The study, which considers different variables such as fertility and mortality rates, migration, food production, and other population scenarios, focused on projections for the five largest countries in 2100 — India, Nigeria, China, the United States, and Pakistan. In the U.S. census figures show the population has climbed just 7 percent from 2010, falling short of expectations. The situation looks even more dire elsewhere. The study forecasts that in around 23 countries (including Japan, Thailand, Spain, and Ukraine) populations are expected to decline by 50% or more.

Overstating the threat?

For some, Musk’s words might seem excessive. Statistics do show how in less than 100 years the world’s population has nearly quadrupled, going from a global population of 2 billion to its current almost 8 billion today. And while it is true that world population growth rate has indeed declined from 2.2% per year 50 years ago to 1.05% per year today. Musk’s statement (“If people don’t have more children, civilization is going to crumble. Mark my words”) is remarkable, especially considering he is developing robots specifically designed to substitute human workers.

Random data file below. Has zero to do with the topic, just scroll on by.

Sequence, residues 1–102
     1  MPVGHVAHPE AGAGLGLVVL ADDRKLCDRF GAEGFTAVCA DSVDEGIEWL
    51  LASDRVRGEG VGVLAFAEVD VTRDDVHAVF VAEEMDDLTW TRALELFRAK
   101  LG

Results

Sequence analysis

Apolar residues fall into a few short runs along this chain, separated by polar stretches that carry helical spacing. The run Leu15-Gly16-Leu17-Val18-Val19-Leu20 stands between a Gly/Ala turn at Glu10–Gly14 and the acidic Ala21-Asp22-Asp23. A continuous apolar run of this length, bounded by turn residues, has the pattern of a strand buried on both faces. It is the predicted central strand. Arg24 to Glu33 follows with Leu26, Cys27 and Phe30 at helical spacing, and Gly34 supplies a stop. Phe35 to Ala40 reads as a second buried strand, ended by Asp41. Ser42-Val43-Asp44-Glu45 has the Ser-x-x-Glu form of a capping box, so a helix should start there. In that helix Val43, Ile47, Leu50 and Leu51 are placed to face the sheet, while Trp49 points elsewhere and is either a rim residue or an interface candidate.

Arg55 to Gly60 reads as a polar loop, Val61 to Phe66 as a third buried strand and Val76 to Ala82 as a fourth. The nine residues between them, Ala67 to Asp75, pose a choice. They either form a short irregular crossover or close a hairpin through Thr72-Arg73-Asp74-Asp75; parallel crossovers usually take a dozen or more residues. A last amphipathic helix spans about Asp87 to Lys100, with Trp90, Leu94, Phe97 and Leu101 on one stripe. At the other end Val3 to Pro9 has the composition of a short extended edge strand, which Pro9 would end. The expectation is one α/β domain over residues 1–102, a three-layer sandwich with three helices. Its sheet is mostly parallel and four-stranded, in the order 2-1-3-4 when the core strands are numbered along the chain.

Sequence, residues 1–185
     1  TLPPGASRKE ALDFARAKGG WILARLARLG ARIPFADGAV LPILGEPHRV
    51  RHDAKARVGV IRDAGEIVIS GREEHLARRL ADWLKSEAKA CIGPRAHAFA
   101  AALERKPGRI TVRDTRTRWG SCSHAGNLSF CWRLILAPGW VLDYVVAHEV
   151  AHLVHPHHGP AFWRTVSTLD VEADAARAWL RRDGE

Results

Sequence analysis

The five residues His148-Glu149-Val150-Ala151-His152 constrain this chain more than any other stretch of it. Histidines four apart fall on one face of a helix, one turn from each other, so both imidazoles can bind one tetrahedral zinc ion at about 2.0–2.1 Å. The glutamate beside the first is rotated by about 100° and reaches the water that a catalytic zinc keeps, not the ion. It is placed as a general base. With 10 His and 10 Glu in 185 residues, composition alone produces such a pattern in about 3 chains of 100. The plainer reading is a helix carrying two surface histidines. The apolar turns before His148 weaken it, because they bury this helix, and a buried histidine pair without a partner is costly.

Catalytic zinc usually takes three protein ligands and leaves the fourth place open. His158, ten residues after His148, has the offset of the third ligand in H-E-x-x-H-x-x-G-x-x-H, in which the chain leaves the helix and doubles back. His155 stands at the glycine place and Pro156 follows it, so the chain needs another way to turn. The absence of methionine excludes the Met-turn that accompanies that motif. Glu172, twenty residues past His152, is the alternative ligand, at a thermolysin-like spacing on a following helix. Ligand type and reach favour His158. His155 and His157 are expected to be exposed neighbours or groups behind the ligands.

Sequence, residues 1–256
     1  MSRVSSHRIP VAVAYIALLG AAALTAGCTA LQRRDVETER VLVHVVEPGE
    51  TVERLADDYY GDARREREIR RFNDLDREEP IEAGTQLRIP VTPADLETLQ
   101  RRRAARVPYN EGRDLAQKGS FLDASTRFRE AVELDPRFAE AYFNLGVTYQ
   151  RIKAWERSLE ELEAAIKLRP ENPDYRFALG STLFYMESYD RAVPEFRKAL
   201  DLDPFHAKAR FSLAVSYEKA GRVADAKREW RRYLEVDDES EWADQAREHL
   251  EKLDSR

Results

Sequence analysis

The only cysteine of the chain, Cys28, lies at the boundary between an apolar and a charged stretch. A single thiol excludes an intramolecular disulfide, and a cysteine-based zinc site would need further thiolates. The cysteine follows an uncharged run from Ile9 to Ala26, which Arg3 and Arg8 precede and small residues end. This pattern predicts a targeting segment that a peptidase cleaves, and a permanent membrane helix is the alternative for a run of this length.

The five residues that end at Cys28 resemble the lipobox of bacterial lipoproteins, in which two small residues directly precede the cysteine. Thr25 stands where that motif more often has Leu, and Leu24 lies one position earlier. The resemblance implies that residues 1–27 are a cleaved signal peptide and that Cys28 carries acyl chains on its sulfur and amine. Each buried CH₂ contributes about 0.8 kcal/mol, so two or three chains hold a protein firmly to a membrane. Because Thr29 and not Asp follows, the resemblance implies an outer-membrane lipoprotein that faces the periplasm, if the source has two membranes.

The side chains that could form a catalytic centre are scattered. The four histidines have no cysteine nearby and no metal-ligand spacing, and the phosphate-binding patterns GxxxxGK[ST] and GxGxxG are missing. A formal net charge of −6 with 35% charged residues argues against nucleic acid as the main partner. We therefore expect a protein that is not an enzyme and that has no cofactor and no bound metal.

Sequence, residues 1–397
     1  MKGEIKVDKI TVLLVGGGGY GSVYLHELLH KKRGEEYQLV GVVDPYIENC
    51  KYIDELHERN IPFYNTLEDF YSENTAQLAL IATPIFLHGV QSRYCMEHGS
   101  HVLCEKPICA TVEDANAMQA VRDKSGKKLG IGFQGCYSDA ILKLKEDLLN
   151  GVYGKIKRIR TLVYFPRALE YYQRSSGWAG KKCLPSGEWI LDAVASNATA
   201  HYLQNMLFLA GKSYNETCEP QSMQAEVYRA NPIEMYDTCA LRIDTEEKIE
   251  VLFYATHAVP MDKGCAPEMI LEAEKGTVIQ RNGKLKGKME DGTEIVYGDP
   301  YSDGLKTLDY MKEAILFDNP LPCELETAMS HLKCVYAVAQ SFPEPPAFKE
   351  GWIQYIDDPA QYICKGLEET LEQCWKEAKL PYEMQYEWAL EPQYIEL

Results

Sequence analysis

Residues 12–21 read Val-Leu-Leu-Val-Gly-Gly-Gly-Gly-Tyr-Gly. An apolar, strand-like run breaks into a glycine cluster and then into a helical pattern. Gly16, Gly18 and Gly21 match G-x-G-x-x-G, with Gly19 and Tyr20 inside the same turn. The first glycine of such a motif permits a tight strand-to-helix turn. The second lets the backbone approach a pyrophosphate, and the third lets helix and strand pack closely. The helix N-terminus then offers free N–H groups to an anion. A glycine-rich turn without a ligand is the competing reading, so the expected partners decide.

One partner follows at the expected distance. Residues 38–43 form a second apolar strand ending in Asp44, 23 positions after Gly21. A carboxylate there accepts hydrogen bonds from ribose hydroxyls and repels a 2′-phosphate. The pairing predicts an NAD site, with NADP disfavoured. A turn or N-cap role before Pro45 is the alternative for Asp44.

What kind of collapse is Musk referring to? If one were to speculate, since the WSJ article Musk tweeted sees population growth only as a driver of the economy, one could say he thinks of human beings merely as necessary to make up the workforce that sustains the economy. 

Musk is certainly a controversial figure. Currently the richest person in the world, with a net worth of $251 billion according to the Bloomberg Billionaires Index, he is also the father of six. He has received harsh criticism from parents and would-be-parents who lack the resources to provide their families with, at least, the bare minimum. His remarks are especially offensive for some, considering Musk’s own attitude towards paying taxes and respecting workers’ rights. Martin Farrer’s piece for The Guardian explains how Robert Reich, who served as labor secretary during the Clinton administration, said Musk “illegally threatened to take away stock options if employees unionized,” referring to a 2019 National Labour Relations Board finding regarding a tweet in which Musk wrote: “Why pay union dues & give up stock options for nothing?” Also, as Felicia Hou explains in her article for Fortune, a 2018 ProPublica investigation revealed that Musk, who was at the time the second-richest person in the world, paid nothing in federal income taxes that year, and less than $70,000 in taxes in 2015 and 2017. The cherry on top: he has received $4.9 billion in government subsidies over the last two decades — while declaring himself anti-subsidy.